Recently we wrote about how we transliterated a large Python codebase to Go. In doing so we ended up porting or writing some useful things we had already written in Python or Python already had. We’ve also written some useful tools for understanding and debugging Go. We’ve decided to open source these Go libraries and give them back to the community as a way of saying thanks.
Go has an excellent, albeit young, builtin TLS library in its standard library. However, there are a few critical complications with its young age.
At Space Monkey, we needed the hardware acceleration, certificate validation customization, and didn’t want timing attacks. So we wrapped OpenSSL and got significant speed improvements over Go TLS.
Then the internet found out about the “heartbleed” bug.
We’re still betting on OpenSSL. Heartbleed was a nasty bug, but it and the subsequent bugs found are now fixed, and the OpenSSL project is stronger than ever.
You can find out more here:
Go errors are simplistic at best. While we in no way are interested in capturing Python’s exception throwing semantics in Go, we did miss getting stack traces of error creation sites, exception hierarchies, and a few other things. Our hierarchical error library mimics many of the features we used exceptions for in Python, while remaining idiomatic Go.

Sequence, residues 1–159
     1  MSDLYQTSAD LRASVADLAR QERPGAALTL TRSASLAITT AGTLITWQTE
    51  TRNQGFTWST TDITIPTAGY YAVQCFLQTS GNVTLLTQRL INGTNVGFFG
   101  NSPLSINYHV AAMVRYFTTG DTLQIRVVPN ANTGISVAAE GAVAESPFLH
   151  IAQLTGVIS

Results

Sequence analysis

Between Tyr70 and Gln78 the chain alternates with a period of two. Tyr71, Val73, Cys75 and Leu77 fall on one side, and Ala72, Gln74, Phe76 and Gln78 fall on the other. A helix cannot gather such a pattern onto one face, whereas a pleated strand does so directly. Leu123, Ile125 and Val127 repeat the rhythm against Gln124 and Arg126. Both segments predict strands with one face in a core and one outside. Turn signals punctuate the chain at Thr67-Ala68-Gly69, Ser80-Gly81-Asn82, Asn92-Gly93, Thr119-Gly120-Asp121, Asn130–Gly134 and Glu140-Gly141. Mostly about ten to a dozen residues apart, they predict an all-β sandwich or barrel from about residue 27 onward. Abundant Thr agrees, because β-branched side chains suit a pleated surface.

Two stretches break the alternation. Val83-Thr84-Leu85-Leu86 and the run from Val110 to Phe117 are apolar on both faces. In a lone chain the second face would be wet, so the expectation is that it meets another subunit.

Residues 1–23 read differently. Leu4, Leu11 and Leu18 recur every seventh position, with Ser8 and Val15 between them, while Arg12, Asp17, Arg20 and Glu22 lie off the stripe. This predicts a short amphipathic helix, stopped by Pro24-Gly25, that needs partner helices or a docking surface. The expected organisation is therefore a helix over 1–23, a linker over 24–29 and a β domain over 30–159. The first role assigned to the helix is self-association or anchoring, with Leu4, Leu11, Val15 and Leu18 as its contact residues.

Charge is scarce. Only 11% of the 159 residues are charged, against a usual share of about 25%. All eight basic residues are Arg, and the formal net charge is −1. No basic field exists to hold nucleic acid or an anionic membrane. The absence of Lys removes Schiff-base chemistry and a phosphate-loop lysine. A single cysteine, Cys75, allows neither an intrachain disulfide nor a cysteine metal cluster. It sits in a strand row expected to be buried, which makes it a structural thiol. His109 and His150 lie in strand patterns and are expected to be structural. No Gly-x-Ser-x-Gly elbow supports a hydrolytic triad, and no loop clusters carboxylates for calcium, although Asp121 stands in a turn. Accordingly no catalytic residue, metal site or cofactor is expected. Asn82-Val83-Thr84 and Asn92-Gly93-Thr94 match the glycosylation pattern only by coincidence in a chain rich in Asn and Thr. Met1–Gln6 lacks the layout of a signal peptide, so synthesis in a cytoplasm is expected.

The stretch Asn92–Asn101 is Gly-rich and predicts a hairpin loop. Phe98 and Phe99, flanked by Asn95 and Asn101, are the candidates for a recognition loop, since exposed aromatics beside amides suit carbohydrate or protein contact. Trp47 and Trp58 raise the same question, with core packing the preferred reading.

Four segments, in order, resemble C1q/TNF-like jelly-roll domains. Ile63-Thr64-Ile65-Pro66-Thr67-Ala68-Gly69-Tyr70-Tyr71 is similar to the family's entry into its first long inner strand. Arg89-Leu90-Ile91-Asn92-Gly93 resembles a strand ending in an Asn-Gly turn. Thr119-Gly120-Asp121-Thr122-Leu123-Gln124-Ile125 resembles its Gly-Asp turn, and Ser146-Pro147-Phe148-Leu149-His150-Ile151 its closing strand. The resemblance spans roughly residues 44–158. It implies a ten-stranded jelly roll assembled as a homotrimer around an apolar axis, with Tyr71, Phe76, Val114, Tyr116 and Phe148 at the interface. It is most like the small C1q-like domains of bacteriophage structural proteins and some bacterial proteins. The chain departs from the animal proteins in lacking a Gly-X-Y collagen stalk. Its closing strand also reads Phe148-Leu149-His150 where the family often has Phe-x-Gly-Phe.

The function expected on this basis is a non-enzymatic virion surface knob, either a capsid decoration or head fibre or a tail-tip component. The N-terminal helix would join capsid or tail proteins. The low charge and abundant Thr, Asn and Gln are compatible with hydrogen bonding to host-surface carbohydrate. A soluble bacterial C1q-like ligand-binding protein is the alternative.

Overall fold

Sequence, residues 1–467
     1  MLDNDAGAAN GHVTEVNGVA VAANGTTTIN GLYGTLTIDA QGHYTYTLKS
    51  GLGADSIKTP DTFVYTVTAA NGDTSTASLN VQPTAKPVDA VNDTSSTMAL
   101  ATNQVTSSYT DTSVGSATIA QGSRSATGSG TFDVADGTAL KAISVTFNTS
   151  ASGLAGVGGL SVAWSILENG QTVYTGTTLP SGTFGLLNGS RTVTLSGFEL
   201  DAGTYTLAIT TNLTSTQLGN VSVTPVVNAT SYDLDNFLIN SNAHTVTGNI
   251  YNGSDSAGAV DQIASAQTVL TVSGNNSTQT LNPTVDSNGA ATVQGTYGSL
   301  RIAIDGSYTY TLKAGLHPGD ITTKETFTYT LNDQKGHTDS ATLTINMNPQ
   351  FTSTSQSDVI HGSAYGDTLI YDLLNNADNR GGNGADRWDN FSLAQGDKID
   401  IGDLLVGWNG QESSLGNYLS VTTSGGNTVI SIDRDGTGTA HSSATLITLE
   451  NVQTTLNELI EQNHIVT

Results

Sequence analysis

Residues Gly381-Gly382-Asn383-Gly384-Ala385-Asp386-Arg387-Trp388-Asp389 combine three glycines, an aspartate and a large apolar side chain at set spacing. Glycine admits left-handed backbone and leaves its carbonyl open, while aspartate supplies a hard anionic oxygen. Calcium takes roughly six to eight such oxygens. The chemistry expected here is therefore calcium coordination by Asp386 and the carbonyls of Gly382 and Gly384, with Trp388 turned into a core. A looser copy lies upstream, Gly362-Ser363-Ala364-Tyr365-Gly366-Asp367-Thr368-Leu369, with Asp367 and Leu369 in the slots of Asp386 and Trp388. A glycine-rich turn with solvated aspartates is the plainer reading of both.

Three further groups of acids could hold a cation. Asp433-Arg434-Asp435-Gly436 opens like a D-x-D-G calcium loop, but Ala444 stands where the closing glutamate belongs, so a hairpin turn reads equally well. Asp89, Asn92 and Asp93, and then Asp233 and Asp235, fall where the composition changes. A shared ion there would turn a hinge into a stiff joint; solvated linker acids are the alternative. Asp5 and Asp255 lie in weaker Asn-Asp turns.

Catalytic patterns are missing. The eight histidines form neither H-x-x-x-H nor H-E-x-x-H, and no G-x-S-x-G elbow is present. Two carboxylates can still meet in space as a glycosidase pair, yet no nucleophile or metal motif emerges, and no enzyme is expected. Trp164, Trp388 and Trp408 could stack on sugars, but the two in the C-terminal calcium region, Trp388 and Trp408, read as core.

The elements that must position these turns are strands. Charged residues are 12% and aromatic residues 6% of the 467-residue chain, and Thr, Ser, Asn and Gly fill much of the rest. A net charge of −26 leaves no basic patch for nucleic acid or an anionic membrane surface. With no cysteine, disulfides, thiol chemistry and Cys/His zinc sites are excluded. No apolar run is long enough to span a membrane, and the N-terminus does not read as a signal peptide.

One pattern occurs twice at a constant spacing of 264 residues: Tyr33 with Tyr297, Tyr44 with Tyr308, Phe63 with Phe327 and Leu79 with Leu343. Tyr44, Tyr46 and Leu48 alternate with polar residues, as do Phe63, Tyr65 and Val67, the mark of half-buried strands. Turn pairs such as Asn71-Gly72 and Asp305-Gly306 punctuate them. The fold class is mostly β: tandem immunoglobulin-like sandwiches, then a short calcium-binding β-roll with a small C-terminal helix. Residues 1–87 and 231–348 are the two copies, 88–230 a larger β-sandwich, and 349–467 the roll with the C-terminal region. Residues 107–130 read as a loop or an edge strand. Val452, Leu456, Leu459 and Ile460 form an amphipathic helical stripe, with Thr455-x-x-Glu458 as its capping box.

Python had leveled and hierarchical logging. While the glog package provides the levels, it doesn’t match the abilities we had in Python to set up different logging handlers per package. So, we wrote a flexible leveled logging library that easily supports structured and unstructured output targets based on configurable named loggers.
Our Python codebase had many function calls instrumented to collect and report timing data using a system that provided function decorators. This is what we came up with for Go.
We open sourced this a while ago, but we’ve submitted significant changes to the package since our original release. This library extends Go’s flag library to include working with flagfiles, as gflags does, in addition to some other small extensions. It was extended to support config files written using a subset of Python’s ConfigParser syntax.
We got lots of requests for releasing some of our Python projects as well; we anticipate open sourcing more things, but these are what we have ready to go for now.
We’re a small team based in Salt Lake City, and we’re looking for Go developers! Drop us a line.